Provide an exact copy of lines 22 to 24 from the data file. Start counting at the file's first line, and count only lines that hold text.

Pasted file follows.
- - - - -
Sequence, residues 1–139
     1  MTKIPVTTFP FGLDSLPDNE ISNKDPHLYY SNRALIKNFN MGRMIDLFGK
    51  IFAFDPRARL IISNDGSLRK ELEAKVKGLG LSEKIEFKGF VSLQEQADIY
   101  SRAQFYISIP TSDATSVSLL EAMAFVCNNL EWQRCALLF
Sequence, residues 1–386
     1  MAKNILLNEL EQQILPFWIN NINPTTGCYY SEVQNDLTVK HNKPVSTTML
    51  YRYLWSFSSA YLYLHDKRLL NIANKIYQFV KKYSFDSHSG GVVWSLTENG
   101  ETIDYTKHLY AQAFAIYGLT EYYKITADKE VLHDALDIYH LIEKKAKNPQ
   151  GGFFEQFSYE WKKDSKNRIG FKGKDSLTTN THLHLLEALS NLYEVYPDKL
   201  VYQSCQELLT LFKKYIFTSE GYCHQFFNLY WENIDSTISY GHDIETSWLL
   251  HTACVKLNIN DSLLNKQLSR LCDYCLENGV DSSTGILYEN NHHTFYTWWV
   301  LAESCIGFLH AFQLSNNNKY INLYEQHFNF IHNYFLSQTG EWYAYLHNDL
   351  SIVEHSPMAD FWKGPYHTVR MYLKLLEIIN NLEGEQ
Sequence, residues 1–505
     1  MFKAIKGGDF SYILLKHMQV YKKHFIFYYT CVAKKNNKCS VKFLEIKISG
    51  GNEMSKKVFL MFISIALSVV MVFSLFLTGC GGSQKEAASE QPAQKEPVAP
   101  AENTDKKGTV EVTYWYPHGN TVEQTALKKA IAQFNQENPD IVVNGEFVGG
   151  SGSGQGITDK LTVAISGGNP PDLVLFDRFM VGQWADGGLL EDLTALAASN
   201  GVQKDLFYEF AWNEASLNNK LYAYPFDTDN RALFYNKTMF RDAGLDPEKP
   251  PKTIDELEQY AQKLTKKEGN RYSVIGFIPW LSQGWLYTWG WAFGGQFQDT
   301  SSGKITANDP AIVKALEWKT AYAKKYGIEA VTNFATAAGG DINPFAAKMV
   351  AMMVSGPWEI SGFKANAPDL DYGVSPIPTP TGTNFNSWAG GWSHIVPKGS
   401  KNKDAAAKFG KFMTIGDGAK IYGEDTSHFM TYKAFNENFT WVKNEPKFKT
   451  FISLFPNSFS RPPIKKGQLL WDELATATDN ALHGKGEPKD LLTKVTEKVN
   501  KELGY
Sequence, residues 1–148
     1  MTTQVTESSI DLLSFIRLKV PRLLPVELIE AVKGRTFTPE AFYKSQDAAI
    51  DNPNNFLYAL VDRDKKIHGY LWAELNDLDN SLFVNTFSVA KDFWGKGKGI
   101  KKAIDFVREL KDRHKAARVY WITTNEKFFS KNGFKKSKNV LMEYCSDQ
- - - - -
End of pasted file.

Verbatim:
   351  AMMVSGPWEI SGFKANAPDL DYGVSPIPTP TGTNFNSWAG GWSHIVPKGS
   401  KNKDAAAKFG KFMTIGDGAK IYGEDTSHFM TYKAFNENFT WVKNEPKFKT
   451  FISLFPNSFS RPPIKKGQLL WDELATATDN ALHGKGEPKD LLTKVTEKVN